What are some things the average person doesn’t know about your industry?

“The first thing that boggled my mind, when I first entered this industry, was the sheer amount of time and planning it takes to get a product from a faraway place to store shelves. As a consumer, you wake up one day and it’s there – Christmas stuff that you don’t realize took six months of planning in August to make it to the store where you’re shopping, lawn chairs and barbecue grills that were delivered in the wintertime. There’s a lot of planning to make sure products not only get to their destination, but make it on time.”      


What are three things your co-workers might not know about you?

“I think when people meet me for the first time, they think I have a really weird sense of humor. I’m a weird dude to wrap your mind around. But once you get to know me, I’m really easy going.”

“I like sports. I play hockey and I’m on a competitive softball league.”

“I’m a huge history buff. I’m really into American history, particularly the Civil War and World War II. There also an intellectual side that I doesn’t come out often – I have two degrees, a Bachelors in History with a minor in English and I have a Masters degree in Education.”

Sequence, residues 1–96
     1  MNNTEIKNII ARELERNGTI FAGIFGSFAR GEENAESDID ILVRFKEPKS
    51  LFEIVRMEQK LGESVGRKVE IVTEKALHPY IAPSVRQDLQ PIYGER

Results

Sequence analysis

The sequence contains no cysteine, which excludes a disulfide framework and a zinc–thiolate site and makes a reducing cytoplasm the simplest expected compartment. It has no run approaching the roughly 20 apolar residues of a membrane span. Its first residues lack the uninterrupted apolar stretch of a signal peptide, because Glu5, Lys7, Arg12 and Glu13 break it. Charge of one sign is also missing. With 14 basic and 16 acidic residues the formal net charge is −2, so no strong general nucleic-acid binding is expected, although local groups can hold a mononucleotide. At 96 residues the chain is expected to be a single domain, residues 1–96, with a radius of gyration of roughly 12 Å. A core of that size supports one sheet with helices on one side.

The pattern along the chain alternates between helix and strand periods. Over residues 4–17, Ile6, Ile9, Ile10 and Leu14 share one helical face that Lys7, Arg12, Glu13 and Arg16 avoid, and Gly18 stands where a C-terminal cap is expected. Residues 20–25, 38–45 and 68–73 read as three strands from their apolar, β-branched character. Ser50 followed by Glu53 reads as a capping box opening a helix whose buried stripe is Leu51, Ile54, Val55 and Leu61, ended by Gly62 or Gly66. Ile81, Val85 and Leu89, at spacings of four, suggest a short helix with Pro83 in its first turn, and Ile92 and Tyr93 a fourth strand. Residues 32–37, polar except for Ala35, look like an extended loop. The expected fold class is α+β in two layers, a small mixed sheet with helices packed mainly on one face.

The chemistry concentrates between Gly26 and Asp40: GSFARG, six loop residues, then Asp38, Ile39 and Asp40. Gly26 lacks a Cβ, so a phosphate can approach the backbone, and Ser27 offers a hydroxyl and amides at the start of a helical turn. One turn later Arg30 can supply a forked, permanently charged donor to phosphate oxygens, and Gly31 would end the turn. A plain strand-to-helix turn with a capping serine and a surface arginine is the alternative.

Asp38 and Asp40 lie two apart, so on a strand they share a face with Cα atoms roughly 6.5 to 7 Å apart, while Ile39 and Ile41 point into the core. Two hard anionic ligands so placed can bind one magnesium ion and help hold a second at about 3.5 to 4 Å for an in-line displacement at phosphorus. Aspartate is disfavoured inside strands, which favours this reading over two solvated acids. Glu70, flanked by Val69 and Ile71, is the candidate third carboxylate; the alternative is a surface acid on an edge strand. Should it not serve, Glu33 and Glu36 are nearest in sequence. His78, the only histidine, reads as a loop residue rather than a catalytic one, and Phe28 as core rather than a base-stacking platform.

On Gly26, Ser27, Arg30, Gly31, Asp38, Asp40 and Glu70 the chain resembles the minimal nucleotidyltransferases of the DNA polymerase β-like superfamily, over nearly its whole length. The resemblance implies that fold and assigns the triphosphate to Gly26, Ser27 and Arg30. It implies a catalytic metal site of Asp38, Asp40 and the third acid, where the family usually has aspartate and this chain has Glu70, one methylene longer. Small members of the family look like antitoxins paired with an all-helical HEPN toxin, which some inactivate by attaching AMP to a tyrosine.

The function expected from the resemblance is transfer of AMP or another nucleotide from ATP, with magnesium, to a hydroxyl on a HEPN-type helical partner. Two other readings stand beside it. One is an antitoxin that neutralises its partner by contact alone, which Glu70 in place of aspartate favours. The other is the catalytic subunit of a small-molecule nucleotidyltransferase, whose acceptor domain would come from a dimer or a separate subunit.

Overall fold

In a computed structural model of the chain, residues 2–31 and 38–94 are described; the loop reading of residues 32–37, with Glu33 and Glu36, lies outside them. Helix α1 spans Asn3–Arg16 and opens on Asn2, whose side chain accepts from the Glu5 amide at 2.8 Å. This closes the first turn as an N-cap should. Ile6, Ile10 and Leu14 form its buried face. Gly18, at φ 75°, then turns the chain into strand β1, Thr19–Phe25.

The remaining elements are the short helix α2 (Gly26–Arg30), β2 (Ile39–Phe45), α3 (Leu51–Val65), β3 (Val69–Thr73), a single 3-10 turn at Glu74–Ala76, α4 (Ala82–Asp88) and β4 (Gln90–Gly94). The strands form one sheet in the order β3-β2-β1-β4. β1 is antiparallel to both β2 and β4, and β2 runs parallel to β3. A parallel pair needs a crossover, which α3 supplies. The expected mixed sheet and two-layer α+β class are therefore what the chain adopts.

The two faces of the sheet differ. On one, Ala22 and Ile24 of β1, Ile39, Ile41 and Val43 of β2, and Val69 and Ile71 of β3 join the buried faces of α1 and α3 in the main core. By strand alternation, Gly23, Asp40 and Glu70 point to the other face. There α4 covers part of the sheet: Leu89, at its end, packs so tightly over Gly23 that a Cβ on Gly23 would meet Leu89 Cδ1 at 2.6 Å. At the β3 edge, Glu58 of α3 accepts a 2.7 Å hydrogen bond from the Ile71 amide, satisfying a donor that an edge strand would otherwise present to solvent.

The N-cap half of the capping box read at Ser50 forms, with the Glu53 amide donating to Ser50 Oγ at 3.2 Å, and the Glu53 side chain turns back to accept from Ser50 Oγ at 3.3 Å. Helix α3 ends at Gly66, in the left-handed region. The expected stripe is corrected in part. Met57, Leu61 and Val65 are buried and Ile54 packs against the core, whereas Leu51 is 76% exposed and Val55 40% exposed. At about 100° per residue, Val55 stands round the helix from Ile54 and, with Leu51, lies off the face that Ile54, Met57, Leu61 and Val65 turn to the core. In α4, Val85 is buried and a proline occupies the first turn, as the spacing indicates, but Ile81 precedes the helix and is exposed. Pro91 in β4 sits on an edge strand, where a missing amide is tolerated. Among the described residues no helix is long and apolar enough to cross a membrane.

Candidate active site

What are your career goals?

“To keep putting in hard work and trying to make the company better than it was when I first arrived. I would like to be VP in the next 5 to 10 years. And when I get there, I will re-examine, create new goals and conquer them, then create again. I try to never have a final goal and instead I have the ‘next one.’ That way you always have something new. I don’t ever want to be done. I will always challenge myself.”


When was your last “a-ha” moment?

“When I was securing new business with Guardian Industries and it came down to a conference call to seal the deal. I was on the call and (in my head) I was like, ‘Wow! I sound confident, reliable, believable.’ The customer trusted me and that’s how I got the business. I realized I had that confidence. That I can talk to anybody and I can set my mind and do anything I want to.”


What advice would you give to someone interested in getting into your field?

“Be open-minded. Be flexible. Be willing to learn. Because there are so many people in this industry that have a wealth of knowledge. I learn something new every day.” 


Your new position will take you from Buffalo – where you grew up – to Norfolk, Virginia. It will be the first time you leave your hometown. What do you think that’ll be like?

“Buffalo is a big small city. The one thing about Buffalo, everyone knows somebody who knows somebody who knows somebody. It’s beneficial especially in business, in what we do. Everyone’s connected. It’s a tight knit community. I’ve traveled a lot but this will be the first time my wife and I move to a different part of the US. I’ve never lived anywhere else so I’m excited, thrilled, nervous and terrified all at the same time.”